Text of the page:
When you think about it, the notion that a fuse can make a difference is not that implausible. If, as most designers of high-end audio electronics will admit, the kind of wire used for a component's internal wiring can make a difference, then why not a fuse? After all, the job of the fuse is to melt when a certain level of current is reached, so might there not be differences in how various fuses react to current at lower levels, possibly constricting or otherwise influencing the power used by the component? The HiFi-Tuning fuses use pure silver wiring, gold-over-silver endcaps, and ceramic rather than glass casings for better resonance characteristics. But a plausible mechanism of action and the use of high-quality materials are one thing; audible improvements are something else.
My first test involved the PS Audio GCC-100 integrated amp, a product I hold in very high regard; if its performance could be improved simply by replacing a fuse, that would be great. I talked to the PS Audio folks to find out what the GCC-100 uses in the way of a fuse, and was told that it uses two, both located on a circuit board, and that accessing them was a bit tricky. Before tackling the job, I unplugged the GCC-100's AC cord for a couple of hours to allow its capacitors to discharge, then removed the screws securing the chassis cover and gently lifted it a bit, looking for the wiring harness that would have to be unplugged before I could proceed. Once I'd located and unplugged the harness, replacing the fuses was pretty easy.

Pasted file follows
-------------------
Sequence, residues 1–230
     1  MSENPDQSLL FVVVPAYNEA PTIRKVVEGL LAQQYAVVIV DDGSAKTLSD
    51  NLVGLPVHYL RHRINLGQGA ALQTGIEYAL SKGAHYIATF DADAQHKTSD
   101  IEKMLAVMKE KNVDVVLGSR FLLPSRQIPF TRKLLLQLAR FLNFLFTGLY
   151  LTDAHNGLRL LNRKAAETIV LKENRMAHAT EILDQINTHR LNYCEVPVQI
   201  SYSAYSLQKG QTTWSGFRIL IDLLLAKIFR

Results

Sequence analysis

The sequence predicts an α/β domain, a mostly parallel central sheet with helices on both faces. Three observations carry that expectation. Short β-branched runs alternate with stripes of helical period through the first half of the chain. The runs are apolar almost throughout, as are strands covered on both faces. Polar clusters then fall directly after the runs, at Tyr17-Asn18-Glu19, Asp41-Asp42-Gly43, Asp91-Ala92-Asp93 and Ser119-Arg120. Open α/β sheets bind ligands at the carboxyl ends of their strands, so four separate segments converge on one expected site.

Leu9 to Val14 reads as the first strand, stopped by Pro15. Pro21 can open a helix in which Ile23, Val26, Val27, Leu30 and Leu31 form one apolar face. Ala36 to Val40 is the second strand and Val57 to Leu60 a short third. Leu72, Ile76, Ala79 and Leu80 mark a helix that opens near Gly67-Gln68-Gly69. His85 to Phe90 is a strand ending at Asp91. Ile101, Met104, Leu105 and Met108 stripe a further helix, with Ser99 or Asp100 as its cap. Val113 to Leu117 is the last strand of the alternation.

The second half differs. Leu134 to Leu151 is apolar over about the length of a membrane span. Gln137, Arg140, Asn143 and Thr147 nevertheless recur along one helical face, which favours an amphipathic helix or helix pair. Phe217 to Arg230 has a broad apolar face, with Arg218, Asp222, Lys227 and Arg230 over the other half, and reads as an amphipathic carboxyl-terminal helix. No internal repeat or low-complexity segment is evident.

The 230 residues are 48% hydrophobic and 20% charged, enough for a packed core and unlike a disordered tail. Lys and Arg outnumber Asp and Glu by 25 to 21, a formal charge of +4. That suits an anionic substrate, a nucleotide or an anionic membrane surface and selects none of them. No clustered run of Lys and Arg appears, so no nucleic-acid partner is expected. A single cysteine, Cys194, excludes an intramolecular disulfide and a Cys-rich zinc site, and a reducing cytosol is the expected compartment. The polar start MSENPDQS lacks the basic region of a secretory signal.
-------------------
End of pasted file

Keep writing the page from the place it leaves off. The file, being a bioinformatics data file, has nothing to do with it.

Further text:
Before doing any of this, I spent some time listening to the GCC-100 to refresh my memory of what it sounds like. Yes, the tonal neutrality, resolution, transparency, and rhythmic thrust that had originally impressed me were still there. If the HiFi-Tuning fuses were to improve on this, they had their work cut out for them.
But improve the sound they did, and not just marginally. The PS Audio GCC-100 now sounded clearer, more dynamic, with improved transients—simply better all around. The difference was big enough that I didn't feel I had to go back and forth between fuses to convince myself that I was hearing it. But I did so anyway, if only to satisfy myself that what I was hearing was not the result of the mere act of replacing fuses, which to some degree can't help but serve to clean the contacts of fuse and fuse holder.
It wasn't. The improvement in sound was far out of proportion with the $60/pair cost of the HiFi-Tuning fuses. (Under its Critical Link label, PS Audio markets special fuses for its own products that are priced about the same as those from HiFi-Tuning. I briefly tried a pair of Critical Links in the GCC-100, and they, too, produced an improvement over the stock fuses.)
As I note in the main body of my Onkyo A-9555 review, the A-9555 benefited similarly from the use of the HiFi-Tuning fuses. As with every tweak, your mileage may vary, but the HiFi-Tuning fuses, available from www.ultrasystem.com, represent what I found to be a very worthwhile sonic improvement for a relatively small investment.—Robert Deutsch
Go Blow a Fuse, Michael Fremer, February 2007 (Vol.30 No.2):
When I was a poor audiophile, I loved tiny tweaks. Without switching out components, I could improve my system's sound without spending too much money. Bypassing or replacing cheap capacitors, cleaning connections, applying Star typewriter-cleaning gum to vibrating headshells, and other tiny tweaks made memorable sonic improvements.
I recently replaced the cheap fuses in my Musical Fidelity kWP preamplifier with fuses made by HiFi Tuning in Germany, sent to me by The Cable Company. These have silver filaments, ceramic bodies, and gold-over-silver terminations, and damn if they didn't seem to produce a subtle but noticeable improvement in smoothness and coherence. For less than $30 each (available in various sizes they're worth trying, if only for the diversionary entertainment.—Michael Fremer